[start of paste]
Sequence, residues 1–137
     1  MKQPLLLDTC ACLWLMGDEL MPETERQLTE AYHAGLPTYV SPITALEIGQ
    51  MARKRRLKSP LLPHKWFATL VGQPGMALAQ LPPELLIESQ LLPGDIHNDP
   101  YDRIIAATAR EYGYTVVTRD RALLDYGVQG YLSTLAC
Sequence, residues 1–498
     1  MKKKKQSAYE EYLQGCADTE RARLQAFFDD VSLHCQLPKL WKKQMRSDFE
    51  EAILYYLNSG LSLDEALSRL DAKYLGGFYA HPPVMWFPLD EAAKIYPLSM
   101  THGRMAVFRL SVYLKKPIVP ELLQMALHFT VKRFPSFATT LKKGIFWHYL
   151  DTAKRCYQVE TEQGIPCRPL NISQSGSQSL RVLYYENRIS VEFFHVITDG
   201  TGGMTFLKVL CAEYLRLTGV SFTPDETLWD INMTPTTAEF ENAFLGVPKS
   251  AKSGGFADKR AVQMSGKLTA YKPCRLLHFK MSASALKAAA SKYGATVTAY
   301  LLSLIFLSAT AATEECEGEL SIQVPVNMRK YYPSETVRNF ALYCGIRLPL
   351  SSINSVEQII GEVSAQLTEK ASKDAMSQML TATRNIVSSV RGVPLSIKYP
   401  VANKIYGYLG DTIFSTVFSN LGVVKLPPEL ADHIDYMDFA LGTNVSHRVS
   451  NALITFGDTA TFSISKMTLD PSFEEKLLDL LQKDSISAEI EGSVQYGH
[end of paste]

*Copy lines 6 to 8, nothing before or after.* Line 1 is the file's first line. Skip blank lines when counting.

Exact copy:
     1  MKKKKQSAYE EYLQGCADTE RARLQAFFDD VSLHCQLPKL WKKQMRSDFE
    51  EAILYYLNSG LSLDEALSRL DAKYLGGFYA HPPVMWFPLD EAAKIYPLSM
   101  THGRMAVFRL SVYLKKPIVP ELLQMALHFT VKRFPSFATT LKKGIFWHYL